“We were getting nervous!” One friend yelled. “Glad you guys could make it.”

She tried to ease the air of tension that escaped with the opening of the car door by saying, “That was a very long car ride. I think we divorced each other by the 2nd hour.”

The night was spent gathered around the table, laughing and eating chili. Later, the group moved down to the creek, where they built a campfire, drank beer and made s’mores, that is everyone in the group but her. She sat alone in the cabin, sad she was on the receiving end of her spouse’s cold shoulder.

What happens in Vegas stays in Vegas is the saying, right? Why not take that stance with tension filled car rides. What happens in the car stays in the car. She wanted to move forward. She wanted to enjoy the time with her friends and her spouse.

Just before the stroke of midnight, the group returned to the cabin. Each couple retreated to their own bedroom, while she retreated to their bedroom alone. He stayed in the living room, choosing to sleep in the recliner.

When she woke, she noticed he was in bed with her. Yet, even as he lay next to her, she knew he was so far away.

“Are you still upset, angry, mad or anything along those lines?” She asks.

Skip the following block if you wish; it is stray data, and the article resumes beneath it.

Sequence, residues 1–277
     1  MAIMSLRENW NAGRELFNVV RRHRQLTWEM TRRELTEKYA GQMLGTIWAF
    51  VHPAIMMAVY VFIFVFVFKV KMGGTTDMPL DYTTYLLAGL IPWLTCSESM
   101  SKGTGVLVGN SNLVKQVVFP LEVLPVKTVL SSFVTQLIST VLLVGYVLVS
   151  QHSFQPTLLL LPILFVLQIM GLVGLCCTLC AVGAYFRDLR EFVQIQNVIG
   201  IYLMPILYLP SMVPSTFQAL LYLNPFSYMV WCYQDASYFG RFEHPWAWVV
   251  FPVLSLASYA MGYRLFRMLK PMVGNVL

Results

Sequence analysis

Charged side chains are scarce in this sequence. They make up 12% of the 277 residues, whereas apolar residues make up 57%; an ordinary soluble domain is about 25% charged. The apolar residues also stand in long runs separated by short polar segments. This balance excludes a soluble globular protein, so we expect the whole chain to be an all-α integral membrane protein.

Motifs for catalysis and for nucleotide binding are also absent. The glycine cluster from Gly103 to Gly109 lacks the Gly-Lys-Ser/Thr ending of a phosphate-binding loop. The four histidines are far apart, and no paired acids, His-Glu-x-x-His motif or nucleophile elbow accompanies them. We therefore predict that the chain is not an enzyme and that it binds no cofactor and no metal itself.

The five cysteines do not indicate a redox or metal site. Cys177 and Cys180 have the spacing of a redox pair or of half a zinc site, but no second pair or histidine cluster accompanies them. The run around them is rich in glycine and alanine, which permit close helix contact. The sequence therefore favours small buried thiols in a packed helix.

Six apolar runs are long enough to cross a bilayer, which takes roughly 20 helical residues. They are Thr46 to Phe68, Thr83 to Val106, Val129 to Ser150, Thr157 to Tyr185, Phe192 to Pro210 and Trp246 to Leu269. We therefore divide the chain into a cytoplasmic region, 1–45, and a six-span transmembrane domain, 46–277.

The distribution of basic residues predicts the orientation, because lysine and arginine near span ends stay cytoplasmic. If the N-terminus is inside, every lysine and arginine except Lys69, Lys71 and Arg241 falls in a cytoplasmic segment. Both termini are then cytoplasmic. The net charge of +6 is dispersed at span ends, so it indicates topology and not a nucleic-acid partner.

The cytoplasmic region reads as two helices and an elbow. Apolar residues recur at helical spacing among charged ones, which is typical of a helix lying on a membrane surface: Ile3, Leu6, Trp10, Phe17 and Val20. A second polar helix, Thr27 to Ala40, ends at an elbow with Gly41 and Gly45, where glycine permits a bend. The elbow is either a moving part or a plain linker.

After a minute or two, “Yes, I guess I am.”

“Why?” She asked, trying to ignore the knot in her stomach.

The two spoke to each other; she questioned what the point was in holding on to anger, and he simply insisted he was not ready to let go.

Tears welled up in her eyes. She gets up from bed, walks to the bathroom and cries.

Looking at herself in the mirror, she tries to find answers. She prefers yelling, and she prefers being yelled at. If someone is yelling at you, she thinks to herself, they see you, but when someone is ignoring you and giving you the silent treatment, it is as if you do not exist; you are invisible. Throughout her life, all she wanted was to be seen. She wanted to exist. And she knows she exists, if only because her kids call out to her countless times a day.

She showers, hoping the water wipes her tears and the soap cleans off her sadness. Still, she feels sad, alone and invisible.